I can relate to your comments on sound and meaning.  When I was learning code, it wasn’t until I started to recognize the “sound” of letters and then common terms instead of focusing on the dots and dashes that I started to really improve.  After retirement several years ago I got back into hamming, and although my speed is not where it was when I left off cw is still my favorite mode ….    

    Actually, the currently implemented “two ear” diversity works pretty well for me, and I’m in the process of improving my remote antenna switching so I can use more of my antennas in that mode.   And when I saw your posts my reaction was wow, this could really be the icing on the cake!  I hope your research pays off.  Thanks much for the update!


  • EA4GLI
    EA4GLI Salvador Member ✭✭✭
    edited December 2016
  • Ted_Spiegel_NX6C
    Ted_Spiegel_NX6C Member ✭✭
    edited March 2017
       My FlexRadio 5000 with the dual receiver and the PowerSDR diversity adjustments have been providing me that exact kind of noise reduction shown on the YouTube video.  Those of us with the 5000 and dual receiver have been using this technique for a long long time.  I check the bands with the 6700 and it's many slices, but for real difficult noise problems that can benefit from the diversity of the 5000 I keep and use the 5000.  The two radios, the 5000 and the 6700 are the best combo I've ever seen or used.

  • ka7gzr
    ka7gzr Member ✭✭
    edited February 2017

    I like the people above have used the diversity function with the 6700. In my case I have two magnetic loops phased 180 degrees from each other going into the two RX ports. I transmit on a vertical and it has worked very well for me.

    The only issue I have had is with the software retaining my settings in memory and controlling the audio between the two RX only channels. I have outstanding software "bug" reports concerning this and hope they get addressed in a future release.   

  • Ken - NM9P
    Ken - NM9P Member ✭✭
    edited December 2016
    Steve, that explains exactly why I had a four-year long plateau at 10 wpm....which I have been told is the maximum speed possible for the "look-up table" method of CW reception. (Which is one reason the old General CW requirement was set at 13 wpm, to force people to learn it correctly as an "auditory alphabet" instead of a "code.") I learned the code in 6th grade when they had an exercise in my spelling book with the dots & dashes. I passed 5 wpm easily as a freshman in High school, but choked on the 13 wpm. It took four years and lots of practice with Wayne Green's "**** buster" CW tape to get over the hurdle. And it took another 8 years to get over the 20 wpm hurdle.. and that only happened because I was writing a training program in GWBasic for my wife so that she could learn the code. Spending so much time testing at high speeds to perfect the program helped me get in the "zone." The human brain is indeed a very powerful tool. For many types of sound processing it is still better than many complex computer programs. Now the trick it to combine the two for maximum effect.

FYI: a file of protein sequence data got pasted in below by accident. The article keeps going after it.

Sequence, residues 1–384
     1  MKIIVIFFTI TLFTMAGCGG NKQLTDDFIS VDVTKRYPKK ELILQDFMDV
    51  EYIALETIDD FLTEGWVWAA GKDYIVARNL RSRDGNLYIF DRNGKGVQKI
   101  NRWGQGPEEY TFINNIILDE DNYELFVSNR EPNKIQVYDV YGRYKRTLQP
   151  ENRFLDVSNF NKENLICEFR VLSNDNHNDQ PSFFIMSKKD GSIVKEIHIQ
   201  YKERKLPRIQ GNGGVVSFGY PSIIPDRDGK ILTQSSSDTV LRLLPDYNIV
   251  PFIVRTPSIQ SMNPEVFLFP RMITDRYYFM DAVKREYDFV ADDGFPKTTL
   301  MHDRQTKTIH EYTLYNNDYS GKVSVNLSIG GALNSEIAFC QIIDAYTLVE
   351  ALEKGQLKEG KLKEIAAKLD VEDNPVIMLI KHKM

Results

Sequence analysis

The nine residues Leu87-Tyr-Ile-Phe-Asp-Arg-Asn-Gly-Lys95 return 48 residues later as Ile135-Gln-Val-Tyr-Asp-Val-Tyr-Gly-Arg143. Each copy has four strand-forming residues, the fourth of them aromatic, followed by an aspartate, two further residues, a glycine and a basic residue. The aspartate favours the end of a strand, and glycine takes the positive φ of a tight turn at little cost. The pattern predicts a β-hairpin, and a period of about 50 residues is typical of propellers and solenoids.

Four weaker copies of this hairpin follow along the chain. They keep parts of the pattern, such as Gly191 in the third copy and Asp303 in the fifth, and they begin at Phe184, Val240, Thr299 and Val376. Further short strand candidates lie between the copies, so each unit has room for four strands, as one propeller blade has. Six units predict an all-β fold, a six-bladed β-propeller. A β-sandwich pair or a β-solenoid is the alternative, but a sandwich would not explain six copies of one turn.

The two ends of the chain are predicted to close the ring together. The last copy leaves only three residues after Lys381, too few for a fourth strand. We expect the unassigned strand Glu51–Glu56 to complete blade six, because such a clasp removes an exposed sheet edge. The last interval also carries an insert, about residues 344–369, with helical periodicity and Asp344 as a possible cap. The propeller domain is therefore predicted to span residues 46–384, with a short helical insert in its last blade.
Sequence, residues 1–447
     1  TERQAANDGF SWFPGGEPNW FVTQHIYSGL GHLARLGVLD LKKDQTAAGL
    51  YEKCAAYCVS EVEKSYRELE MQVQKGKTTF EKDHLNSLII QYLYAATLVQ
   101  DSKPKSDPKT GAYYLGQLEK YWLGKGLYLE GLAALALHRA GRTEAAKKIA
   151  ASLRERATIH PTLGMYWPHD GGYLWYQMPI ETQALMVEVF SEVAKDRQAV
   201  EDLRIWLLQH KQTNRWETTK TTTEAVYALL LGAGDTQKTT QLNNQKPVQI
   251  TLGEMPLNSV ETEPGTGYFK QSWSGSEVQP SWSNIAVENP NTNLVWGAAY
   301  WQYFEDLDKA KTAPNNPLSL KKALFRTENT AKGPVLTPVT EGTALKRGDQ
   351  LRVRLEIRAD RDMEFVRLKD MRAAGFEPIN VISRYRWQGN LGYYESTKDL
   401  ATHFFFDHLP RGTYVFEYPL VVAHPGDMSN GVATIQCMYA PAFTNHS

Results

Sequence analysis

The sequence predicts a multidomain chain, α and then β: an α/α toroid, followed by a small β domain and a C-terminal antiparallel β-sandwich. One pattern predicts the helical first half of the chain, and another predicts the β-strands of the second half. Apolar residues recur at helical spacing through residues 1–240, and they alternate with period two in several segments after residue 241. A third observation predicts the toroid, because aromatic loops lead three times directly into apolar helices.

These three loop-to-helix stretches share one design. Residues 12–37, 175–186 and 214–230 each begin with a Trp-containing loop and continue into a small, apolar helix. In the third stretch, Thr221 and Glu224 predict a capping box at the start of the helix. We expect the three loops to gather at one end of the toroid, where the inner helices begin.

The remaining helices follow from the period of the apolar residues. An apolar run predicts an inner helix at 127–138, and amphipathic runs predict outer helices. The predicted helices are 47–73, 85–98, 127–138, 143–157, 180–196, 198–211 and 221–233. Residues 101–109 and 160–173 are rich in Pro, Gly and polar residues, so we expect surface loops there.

• EA4GLI
    EA4GLI Salvador Member ✭✭✭
    edited December 2016
    It is a big thing I am still missing on the 6700... the current diversity is just...  "basic"? As demonstrated in that video Phase Noise Reduction is possible and it is being done (can't be called a experiment anymore). I really want to get the "WOW" features at some point. But I will leave the "complaining" for a later date as we are all now enthralled with 1.10 and redoing our shacks! :) Maybe after Christmas we can get back into Diversity for Noise Mitigation, Adaptive Pre Distortion, and a new one for me, now that I have 75w on 144MHz.... decent FM modulation. But lets enjoy the new milestone 1.10 version and we will keep nagging these guys to get the very best they can create after Christmas. :)